Such a deal would seem a little strange coming less than a year after Sybase licensed the underlying complex event processing (CEP) engine for Sybase CEP from Coral8, immediately prior to Coral8′s acquisition by Aleri.
The terms of that licensing agreement provide a clue as to why Sybase would consider opening up its wallet again to snap up Aleri, however.
As Aleri insisted last March, “The licensing arrangement allows Sybase to embed CEP capabilities within and ONLY WITHIN Sybase products such as RAP”.
Sybase later confirmed (clients only) to us that this was indeed the arrangement and maintained that its strategy for CEP was to embed it within larger platform products.
As well as RAP – The Trading Edition, the company’s risk-analytics platform, Sybase also had plans to target opportunities in the telecommunications, healthcare and government sectors.
One justification for the acquisition of Aleri would be that it would allow Sybase to target those markets and other opportunities with a standalone CEP offering based on Aleri’s next-generation engine codenamed Ohio which is slated for roll-out in 2010 and is designed to include the best features from Aleri Streaming Platform and the Coral8 Engine and be backwards-compatible with both.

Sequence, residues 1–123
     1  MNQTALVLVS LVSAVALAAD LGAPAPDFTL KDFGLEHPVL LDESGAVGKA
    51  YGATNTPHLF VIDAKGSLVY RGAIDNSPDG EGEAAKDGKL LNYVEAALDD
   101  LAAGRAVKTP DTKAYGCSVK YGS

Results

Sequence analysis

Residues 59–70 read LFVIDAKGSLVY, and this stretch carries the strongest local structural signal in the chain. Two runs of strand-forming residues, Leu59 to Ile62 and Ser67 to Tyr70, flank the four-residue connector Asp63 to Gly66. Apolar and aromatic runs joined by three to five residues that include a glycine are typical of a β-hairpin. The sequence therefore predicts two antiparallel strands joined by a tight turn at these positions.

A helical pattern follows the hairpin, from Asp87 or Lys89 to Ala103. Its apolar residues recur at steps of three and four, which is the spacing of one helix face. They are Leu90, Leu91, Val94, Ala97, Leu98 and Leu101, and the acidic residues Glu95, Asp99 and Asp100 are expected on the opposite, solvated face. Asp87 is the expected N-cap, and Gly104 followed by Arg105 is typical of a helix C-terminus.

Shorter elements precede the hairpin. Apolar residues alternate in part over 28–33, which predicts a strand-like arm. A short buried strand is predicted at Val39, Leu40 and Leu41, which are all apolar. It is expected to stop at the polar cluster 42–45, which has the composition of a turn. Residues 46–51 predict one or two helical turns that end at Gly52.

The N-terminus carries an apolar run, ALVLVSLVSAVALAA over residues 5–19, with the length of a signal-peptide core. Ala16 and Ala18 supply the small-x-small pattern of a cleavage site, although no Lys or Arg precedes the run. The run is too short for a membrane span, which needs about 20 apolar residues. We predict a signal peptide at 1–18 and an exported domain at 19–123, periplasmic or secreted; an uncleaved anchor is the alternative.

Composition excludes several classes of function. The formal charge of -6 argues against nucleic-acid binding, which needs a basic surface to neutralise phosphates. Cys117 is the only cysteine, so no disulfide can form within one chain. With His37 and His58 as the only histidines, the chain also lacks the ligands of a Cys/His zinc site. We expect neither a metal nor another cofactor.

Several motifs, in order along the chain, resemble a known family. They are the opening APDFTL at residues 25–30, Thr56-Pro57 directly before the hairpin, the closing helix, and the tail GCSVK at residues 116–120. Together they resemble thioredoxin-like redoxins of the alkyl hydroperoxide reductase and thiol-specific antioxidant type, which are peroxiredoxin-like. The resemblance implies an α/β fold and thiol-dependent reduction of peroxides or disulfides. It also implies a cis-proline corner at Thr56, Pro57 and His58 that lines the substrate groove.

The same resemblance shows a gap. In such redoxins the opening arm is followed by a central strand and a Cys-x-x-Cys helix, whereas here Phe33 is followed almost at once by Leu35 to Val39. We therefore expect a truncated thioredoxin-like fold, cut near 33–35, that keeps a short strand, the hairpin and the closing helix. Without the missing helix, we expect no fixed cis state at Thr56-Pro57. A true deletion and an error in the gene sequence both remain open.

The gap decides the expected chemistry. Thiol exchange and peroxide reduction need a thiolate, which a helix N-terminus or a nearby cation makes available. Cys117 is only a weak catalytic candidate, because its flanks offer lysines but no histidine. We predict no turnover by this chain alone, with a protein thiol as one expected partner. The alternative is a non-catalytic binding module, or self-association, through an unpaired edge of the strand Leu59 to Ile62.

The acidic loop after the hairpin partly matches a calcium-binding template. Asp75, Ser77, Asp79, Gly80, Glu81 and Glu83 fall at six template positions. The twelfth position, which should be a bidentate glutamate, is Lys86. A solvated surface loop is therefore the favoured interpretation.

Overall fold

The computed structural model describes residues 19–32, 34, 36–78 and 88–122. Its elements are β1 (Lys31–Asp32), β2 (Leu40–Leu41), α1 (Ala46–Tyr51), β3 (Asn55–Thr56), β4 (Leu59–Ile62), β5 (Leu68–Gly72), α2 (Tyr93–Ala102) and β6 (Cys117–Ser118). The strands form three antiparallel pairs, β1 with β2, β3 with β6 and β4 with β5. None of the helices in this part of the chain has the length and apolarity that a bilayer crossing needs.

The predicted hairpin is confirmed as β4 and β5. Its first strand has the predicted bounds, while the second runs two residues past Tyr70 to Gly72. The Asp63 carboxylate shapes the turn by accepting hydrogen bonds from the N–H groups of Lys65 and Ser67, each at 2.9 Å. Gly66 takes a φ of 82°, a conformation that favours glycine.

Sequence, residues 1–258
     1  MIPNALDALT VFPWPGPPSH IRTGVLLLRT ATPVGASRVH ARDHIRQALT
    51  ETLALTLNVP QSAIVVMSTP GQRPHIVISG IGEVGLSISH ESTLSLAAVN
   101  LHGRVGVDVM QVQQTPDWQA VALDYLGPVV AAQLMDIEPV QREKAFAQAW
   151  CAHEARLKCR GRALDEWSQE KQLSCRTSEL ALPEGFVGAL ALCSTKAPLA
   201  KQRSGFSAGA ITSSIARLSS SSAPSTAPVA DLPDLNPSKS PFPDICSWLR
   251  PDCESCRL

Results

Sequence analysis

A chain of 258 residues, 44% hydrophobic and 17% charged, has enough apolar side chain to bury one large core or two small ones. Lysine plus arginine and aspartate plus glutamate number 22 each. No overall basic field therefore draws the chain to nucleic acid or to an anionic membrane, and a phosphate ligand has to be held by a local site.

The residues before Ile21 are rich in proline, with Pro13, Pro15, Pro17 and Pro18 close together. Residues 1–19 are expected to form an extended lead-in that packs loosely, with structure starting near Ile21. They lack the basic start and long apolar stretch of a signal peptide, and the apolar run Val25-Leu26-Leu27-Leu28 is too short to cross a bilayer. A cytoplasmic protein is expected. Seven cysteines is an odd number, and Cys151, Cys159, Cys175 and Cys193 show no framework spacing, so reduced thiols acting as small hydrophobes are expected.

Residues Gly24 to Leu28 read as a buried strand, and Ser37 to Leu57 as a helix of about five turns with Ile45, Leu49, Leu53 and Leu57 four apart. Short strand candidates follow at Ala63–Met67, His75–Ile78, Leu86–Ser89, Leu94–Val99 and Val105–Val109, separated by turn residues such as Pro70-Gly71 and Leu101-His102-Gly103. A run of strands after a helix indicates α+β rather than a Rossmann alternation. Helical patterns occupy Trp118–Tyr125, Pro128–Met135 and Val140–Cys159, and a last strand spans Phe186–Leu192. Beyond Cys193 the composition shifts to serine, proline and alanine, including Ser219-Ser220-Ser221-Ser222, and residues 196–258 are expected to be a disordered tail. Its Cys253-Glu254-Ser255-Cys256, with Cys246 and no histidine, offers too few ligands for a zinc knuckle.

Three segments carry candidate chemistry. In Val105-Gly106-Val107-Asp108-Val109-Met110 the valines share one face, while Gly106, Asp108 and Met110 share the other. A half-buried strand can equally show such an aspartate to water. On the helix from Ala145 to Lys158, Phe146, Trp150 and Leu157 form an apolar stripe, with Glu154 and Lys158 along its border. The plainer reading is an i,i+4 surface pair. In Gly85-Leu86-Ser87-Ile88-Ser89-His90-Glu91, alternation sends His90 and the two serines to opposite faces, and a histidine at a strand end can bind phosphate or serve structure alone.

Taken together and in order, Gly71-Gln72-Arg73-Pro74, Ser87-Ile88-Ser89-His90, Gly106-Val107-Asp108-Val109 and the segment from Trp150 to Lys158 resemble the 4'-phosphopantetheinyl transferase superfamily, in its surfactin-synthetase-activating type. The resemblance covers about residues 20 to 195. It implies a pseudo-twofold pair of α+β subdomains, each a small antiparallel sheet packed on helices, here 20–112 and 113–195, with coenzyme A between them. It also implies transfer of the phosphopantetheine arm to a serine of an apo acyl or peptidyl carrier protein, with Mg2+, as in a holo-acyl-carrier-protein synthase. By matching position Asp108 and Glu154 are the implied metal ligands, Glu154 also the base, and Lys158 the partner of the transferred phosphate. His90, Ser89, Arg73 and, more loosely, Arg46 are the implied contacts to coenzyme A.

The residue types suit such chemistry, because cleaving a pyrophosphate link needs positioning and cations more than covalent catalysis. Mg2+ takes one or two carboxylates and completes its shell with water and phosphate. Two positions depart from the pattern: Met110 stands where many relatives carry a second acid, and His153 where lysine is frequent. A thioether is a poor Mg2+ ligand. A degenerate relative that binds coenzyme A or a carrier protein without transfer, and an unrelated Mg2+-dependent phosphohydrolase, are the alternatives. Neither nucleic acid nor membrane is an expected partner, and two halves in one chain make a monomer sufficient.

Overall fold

Then of course there are the Aleri/Coral assets beyond the core CEP engine, including the Aleri Studio visual modeling application, as well as dashboard and OLAP server capabilities, and packaged applications for risk and liquidity analysis and management.
As for why Aleri would sell out to Sybase – we certainly noted some trepidation from the company when we caught up (clients only) in September last year. While the company was buoyant about its plans for Ohio it was reticent to discuss details of customer wins/successes.
The only thing the company would say was that it had more than 80 customers, the number of combined customers when the merger closed.
At that point it was somewhat more confident, claiming (clients only) to be the largest pure-play CEP vendor in terms of headcount and customer base and revenue (although with none of the CEP vendors disclosing revenue figures, that last claim was always highly debatable).